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Rogers v. Muniz

United States District Court, E.D. California

July 5, 2016

CHRISTOPHER BRIAN ROGERS, Petitioner,
v.
WILLIAM MUNIZ, Warden, Salinas Valley State Prison, [1] Respondent.

          MEMORANDUM DECISION

          JAMES K. SINGLETON, JR. Senior United States District Judge.

         Christopher Brian Rogers, a state prisoner proceeding pro se, filed a Petition for a Writ of Habeas Corpus with this Court pursuant to 28 U.S.C. § 2254. Rogers is in the custody of the California Department of Corrections and incarcerated at Salinas Valley State Prison. Respondent has answered, and Rogers has replied.

         I. BACKGROUND/PRIOR PROCEEDINGS

         On January 22, 2010, Rogers was charged with the first-degree murder of Juanita Johnson. The information further alleged that Rogers intentionally and personally discharged a firearm causing death or great bodily injury. Rogers pled not guilty and denied the allegation. On direct appeal of his conviction, the California Court of Appeal laid out the following facts underlying the charges against Rogers:

         Discovery of the Body and Initial Investigation

At about 8:25 a.m. on Thanksgiving Day, November 25, 2004, Sothat Lee’s (Lee) cousin discovered a lifeless female body outside Lee’s front door. Lee’s cousin was visiting from San Diego and had arrived about six hours earlier; no body was there then.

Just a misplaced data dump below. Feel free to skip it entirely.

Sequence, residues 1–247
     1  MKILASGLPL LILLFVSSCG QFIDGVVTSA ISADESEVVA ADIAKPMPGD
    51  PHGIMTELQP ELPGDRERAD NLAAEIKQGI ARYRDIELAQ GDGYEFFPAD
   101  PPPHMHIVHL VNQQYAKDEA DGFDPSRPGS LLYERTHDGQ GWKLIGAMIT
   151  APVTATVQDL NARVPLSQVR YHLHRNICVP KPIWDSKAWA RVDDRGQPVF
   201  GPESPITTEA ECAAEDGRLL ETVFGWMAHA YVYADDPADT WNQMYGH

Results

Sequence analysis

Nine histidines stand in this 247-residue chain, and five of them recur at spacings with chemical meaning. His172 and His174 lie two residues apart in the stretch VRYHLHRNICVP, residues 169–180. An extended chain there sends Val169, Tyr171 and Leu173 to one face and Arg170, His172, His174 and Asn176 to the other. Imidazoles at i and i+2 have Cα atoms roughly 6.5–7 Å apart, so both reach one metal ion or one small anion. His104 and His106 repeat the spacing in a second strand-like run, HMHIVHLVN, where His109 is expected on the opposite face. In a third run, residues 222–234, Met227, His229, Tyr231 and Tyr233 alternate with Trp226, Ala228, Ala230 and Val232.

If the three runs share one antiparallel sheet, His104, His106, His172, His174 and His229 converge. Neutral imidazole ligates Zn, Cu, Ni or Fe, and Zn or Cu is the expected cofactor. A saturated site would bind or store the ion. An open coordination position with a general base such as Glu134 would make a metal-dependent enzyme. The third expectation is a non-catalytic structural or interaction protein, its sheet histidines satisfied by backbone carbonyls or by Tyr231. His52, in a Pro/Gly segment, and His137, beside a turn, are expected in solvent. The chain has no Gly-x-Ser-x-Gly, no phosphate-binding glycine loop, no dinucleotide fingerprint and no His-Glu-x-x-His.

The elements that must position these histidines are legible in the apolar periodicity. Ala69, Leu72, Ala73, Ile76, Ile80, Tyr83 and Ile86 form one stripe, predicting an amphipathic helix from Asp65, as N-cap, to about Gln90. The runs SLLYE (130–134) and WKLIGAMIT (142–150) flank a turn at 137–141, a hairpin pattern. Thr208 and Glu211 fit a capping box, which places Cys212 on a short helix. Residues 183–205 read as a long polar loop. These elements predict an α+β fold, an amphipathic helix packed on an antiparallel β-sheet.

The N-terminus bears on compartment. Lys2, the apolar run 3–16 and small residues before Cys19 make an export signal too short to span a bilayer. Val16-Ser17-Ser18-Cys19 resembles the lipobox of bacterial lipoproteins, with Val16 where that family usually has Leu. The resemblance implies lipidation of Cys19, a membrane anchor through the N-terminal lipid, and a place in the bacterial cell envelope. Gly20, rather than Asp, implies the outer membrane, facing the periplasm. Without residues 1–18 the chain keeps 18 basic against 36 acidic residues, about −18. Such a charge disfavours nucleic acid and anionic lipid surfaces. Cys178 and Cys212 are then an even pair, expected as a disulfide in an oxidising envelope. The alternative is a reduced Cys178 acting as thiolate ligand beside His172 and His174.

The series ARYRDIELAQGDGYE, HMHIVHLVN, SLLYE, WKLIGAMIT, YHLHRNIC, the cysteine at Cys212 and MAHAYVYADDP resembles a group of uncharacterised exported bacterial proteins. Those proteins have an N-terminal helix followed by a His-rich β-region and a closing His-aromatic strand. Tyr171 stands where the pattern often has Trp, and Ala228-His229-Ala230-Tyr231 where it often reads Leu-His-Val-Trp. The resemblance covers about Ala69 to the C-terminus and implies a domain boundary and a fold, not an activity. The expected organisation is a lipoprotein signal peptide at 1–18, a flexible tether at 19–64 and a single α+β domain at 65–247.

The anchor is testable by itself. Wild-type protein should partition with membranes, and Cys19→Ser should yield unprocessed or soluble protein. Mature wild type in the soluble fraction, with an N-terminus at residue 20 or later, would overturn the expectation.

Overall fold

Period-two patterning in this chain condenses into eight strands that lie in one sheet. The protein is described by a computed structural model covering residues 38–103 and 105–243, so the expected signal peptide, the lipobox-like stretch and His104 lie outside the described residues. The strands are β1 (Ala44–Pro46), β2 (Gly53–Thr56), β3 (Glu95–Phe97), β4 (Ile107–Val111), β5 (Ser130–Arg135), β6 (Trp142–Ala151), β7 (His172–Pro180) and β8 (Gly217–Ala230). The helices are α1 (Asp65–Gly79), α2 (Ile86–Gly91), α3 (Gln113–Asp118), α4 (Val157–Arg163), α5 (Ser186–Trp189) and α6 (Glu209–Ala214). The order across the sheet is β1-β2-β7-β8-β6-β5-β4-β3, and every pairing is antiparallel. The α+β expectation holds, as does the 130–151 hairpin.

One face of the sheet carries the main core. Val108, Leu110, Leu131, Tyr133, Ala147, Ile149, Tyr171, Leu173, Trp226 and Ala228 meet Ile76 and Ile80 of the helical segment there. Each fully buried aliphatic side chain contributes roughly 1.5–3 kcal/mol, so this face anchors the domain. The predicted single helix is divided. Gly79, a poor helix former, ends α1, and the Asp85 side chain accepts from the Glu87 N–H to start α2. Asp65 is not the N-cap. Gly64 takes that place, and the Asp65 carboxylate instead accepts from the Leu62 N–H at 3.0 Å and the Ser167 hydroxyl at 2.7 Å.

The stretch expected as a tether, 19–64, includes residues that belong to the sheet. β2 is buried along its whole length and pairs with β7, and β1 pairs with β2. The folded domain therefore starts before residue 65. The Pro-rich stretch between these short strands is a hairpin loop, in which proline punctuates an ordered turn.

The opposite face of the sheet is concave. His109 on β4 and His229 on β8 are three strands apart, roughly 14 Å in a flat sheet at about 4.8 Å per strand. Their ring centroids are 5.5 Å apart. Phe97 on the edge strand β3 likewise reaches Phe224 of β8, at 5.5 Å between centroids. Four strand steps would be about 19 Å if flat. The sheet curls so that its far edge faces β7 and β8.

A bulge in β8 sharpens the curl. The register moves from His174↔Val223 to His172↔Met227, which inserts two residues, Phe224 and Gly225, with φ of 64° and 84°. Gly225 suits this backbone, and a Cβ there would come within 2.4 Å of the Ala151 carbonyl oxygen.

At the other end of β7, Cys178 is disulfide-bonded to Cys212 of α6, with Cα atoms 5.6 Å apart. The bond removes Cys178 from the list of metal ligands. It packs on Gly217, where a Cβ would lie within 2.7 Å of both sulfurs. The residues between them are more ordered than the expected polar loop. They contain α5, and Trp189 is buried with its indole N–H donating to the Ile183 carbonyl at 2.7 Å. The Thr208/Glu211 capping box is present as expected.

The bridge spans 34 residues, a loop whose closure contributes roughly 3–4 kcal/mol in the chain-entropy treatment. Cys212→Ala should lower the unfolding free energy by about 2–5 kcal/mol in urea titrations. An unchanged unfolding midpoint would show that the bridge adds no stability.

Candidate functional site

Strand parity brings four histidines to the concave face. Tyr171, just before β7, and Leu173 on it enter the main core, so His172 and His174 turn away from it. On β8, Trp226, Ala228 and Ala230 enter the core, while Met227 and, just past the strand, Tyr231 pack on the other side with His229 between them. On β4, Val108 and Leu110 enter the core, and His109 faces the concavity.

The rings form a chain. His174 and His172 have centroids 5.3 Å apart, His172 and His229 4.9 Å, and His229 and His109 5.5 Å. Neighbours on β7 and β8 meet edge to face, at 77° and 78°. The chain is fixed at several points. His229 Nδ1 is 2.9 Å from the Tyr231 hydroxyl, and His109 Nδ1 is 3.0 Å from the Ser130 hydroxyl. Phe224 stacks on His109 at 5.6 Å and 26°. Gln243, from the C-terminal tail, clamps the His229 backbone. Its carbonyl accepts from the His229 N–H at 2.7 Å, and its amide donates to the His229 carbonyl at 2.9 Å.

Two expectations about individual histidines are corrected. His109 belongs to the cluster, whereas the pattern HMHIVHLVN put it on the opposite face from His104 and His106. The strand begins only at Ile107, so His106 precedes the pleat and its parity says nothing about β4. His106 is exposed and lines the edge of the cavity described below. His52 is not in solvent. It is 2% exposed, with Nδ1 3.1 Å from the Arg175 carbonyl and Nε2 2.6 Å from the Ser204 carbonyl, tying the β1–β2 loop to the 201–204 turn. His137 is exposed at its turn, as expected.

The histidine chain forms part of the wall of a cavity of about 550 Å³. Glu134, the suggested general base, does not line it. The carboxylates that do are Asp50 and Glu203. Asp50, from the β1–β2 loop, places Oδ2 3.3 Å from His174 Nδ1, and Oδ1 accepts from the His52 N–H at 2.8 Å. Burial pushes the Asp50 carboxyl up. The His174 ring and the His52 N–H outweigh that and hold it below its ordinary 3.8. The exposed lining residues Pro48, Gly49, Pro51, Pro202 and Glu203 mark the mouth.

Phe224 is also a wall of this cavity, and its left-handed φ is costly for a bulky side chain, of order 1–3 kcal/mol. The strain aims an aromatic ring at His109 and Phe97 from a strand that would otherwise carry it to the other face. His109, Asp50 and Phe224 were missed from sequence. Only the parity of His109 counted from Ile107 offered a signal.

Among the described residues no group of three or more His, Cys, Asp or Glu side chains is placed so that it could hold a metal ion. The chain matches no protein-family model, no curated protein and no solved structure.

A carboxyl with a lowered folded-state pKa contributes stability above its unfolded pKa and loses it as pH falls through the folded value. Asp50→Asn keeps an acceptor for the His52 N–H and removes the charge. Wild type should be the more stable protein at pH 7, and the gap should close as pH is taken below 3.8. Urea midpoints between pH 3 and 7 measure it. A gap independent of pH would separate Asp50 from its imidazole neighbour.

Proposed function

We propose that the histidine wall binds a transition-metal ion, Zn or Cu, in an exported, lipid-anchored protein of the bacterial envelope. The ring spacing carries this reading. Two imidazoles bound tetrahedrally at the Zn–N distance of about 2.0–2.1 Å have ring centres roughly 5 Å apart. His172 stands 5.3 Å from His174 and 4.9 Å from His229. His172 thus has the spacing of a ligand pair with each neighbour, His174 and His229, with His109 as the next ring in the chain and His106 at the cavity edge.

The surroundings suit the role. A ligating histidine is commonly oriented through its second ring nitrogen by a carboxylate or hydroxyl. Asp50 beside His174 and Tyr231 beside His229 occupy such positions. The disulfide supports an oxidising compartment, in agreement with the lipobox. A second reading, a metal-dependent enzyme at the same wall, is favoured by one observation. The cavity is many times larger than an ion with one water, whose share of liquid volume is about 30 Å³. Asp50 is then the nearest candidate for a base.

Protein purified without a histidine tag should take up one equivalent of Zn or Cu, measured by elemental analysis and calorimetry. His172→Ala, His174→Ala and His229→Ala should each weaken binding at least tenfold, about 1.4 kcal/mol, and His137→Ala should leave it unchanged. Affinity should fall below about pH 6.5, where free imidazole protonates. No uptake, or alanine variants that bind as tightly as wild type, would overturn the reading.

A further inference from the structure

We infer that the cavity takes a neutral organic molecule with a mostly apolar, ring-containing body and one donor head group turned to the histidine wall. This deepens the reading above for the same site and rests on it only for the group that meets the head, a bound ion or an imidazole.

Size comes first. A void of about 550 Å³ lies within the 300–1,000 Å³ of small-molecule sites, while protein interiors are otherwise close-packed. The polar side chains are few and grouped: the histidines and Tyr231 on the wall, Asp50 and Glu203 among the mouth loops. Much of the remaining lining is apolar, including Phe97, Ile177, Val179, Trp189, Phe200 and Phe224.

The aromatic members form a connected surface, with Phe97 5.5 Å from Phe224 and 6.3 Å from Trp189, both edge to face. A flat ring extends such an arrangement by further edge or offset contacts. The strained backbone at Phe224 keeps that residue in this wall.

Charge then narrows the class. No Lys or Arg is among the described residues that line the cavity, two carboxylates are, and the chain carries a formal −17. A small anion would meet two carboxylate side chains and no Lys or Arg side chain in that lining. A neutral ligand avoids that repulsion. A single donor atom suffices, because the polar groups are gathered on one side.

Lee lived at the intersection of 43rd Avenue and 40th Street in Sacramento. That intersection dead-ended within a block in both street directions, because of Highway 99, which ran diagonally through the area. Next to Highway 99’s sound wall in this area was a small triangular grassy field (sometimes referred to as an easement). On the opposite corner of the block from Lee’s house was Pacific Elementary School, at the intersection of 44th Avenue and 41st Street.
The body was later identified as that of the victim, Juanita Johnson. Police officers followed a blood trail from Lee’s house to the triangular grassy field, where the evidence-most prominently, a large amount of pooled blood, and the beginning of the trail-indicated the shooting had taken place. Just a few feet away, officers discovered a fresh condom still containing a white substance.

         Johnson’s Autopsy

Johnson died from a single, not immediately fatal, gunshot wound to her face, which entered her right cheek, exited just below her left earlobe, and severed a major artery (the left maxillary). Gunpowder stippling found on Johnson’s right cheek indicated she had been shot from a distance of one and a half to four feet. The forensic pathologist conducting the autopsy, who was not a ballistics expert, believed the bullet fragments that were recovered from Johnson were from a small to medium caliber gun (.22-caliber to .38-caliber). Johnson’s body did not exhibit any classic defensive wounds.
The pathologist took swabs from Johnson’s oral, vaginal, and rectal cavities.

         Johnson’s Activities Before the Murder

Johnson, who occasionally worked as a prostitute, had a casual relationship with Bernard Holland, who called her “Joyce.” Around 4:00 a.m. on Thanksgiving Day, November 25, 2004, Johnson left Holland’s house to go on a “date” (prostitution), after the rock cocaine the two had been smoking with two others, ran out.